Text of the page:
Bake the meringue for 1 hour and 15 minutes. You are watching for a beige crust to form around the sides and top. You don't need to baby-sit this process and don't be tempted to open the oven until the 1 hour 15 minute point is up. Now open the oven up. Turn the oven off and LEAVE the meringue inside the oven with the door open to cool completely. I just go do something else for about an hour.
After the meringue is cooled you can set it on a cake plate or stand until you are ready for final assembly and serving. Getting it off of the parchment paper can be tricky. Just gently slide a spatula underneath and work it around until you have the whole thing loosened. Then gently lift it off and take it immediately to the top of the cake plate. As the meringue continues to cool, don't get worked up if it cracks some. You'll be covering that up with whipping cream and cracks are part of the charm.
I have to tell you, most recipes will tell you a meringue can be stored in a cool, dry container. I have never been successful with this option. The meringue always tastes best if it's left untouched and uncovered. Also be sure to serve it that same day. Pavlova doesn't keep very well. I also don't make pavlova if I know it's going to be a humid day.
Okay, so after your main course you are going to retire to the kitchen to finish assembly. Whip your cream and sweeten it, or if you are in a hurry, a good can of whipped cream will do too.
The whipped cream will sit on top of the meringue with an edge of meringue under it so the whipped cream doesn't slide off. (That's why you put the dip in the middle so you could fill it with plenty of whipped cream.)
Now begin to "decorate" with your fruit. Just mound the pieces of fruit on top and around the edges of the whipped cream. The cream will hold them in place. My favorite is to top the creation with a small cluster of currants still on the vine, but you can do with small grapes or just put a big strawberry on top with the green still attached. It's gorgeous!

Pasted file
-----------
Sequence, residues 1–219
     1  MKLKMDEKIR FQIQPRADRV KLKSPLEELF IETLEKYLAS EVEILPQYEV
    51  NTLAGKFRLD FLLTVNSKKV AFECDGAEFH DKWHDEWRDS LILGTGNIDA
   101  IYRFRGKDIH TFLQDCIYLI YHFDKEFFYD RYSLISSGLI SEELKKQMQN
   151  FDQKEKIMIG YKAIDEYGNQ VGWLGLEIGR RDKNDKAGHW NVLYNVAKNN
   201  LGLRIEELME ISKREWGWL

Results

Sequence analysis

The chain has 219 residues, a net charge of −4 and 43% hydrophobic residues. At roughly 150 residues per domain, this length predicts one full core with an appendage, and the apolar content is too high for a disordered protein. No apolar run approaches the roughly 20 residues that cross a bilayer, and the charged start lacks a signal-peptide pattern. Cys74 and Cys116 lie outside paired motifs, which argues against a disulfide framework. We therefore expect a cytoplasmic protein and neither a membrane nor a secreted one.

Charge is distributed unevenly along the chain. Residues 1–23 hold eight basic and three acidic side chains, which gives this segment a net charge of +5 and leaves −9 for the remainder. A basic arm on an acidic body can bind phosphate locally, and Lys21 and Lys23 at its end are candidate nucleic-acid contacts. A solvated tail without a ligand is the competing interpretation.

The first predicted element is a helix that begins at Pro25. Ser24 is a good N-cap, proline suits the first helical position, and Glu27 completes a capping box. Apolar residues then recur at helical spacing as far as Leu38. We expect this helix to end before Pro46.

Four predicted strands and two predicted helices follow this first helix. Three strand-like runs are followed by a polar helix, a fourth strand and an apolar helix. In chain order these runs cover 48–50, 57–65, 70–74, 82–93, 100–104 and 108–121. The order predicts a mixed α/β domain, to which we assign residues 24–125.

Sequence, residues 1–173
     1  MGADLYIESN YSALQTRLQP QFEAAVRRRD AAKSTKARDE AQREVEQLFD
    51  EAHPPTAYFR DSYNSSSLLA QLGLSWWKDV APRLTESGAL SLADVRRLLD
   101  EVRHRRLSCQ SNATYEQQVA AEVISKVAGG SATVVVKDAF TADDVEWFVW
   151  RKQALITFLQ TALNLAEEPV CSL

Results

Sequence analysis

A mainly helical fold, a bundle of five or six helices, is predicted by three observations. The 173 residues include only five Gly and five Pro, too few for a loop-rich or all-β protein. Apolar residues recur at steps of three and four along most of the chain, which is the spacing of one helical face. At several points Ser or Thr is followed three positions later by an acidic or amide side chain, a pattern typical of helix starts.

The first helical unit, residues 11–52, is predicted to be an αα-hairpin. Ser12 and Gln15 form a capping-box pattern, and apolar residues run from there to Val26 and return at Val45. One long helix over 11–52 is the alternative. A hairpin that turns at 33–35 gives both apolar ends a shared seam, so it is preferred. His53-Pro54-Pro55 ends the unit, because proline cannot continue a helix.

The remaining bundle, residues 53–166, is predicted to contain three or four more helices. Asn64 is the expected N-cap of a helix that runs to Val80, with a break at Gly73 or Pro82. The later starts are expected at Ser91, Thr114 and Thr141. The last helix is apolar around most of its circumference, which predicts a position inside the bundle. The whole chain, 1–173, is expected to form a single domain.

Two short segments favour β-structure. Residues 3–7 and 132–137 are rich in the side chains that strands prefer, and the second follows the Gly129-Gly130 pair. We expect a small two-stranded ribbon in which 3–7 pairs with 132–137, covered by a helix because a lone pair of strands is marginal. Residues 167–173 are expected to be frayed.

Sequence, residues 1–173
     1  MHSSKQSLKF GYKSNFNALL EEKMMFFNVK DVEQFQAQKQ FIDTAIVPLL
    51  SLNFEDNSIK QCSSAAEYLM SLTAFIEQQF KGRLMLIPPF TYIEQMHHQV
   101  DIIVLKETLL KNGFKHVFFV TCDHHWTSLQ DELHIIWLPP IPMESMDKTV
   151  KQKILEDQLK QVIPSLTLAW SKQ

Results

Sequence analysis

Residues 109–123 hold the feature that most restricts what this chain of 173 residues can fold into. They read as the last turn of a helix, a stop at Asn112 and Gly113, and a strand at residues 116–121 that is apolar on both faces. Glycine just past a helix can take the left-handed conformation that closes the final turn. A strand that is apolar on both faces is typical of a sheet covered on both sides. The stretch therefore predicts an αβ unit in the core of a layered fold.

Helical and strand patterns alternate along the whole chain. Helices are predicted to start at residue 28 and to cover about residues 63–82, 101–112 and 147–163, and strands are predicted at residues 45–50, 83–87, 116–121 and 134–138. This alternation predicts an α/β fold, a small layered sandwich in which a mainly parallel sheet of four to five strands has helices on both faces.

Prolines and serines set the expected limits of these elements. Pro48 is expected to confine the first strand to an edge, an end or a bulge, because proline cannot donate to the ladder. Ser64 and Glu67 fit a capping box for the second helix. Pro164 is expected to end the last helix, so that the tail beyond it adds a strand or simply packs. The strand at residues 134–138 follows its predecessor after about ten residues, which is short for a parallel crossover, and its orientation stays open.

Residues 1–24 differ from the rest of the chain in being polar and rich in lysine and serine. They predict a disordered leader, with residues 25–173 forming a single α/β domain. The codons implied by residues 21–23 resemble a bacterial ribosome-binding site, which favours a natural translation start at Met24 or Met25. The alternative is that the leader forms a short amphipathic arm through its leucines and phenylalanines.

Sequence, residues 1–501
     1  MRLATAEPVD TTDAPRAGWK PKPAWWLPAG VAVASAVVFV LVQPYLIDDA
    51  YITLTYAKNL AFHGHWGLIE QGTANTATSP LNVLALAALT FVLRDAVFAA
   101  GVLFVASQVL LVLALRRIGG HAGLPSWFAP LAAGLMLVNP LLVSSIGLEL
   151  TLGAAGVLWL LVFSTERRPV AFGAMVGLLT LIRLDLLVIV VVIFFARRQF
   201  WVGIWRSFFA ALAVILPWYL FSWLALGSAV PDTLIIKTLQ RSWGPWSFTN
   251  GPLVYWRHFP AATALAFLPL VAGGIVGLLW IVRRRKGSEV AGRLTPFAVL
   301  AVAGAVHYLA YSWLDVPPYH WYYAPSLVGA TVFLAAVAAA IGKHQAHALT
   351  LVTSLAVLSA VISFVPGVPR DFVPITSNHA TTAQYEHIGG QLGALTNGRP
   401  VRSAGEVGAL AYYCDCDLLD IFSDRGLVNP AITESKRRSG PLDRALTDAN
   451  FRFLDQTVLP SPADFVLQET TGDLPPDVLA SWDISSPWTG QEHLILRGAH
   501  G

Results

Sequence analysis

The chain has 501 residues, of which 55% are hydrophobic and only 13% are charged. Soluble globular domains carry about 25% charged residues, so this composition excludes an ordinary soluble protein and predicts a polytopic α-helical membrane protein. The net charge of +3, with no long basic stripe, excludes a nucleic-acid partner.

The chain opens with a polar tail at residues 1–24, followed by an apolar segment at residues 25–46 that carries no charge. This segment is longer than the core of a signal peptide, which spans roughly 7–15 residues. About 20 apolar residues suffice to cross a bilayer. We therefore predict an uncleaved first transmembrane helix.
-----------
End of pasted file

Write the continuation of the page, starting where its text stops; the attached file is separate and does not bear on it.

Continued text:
Time to take it and show it off with your guests. You can now cut it into wedges and serve or drizzle on a sauce before you cut. That's also beautiful and makes a bit more show out of serving your pavlova. Drizzling on sauce after you cut is another option or you can just pass sauce and let your guests drizzle to their liking. Or no sauce. The first pavlovas had no sauce.
Pavlova is gorgeous when assembled. It's not so pretty on the plate. It's sort of like a trifle. When it's in the bowl it looks grand. Then it's a pile of pudding on the plate. No matter. Pavlova tastes so dreamy that isn't a concern anymore.
I've never had any leftover pavlova.
Someone always seems to want seconds or thirds.
My first choice for pavlova is lots of berries and the currants on top. That's because of all of the color. Then another time I got "wild" and did fresh banana slices and strawberries. I drizzled it all with chocolate sauce. That was a dream come true. For another option you can go all tropical. Pineapple, banana and mandarin oranges with caramel sauce or no sauce. See? You can get massively creative with this beautiful dessert.
Enjoy. Cheers! Zola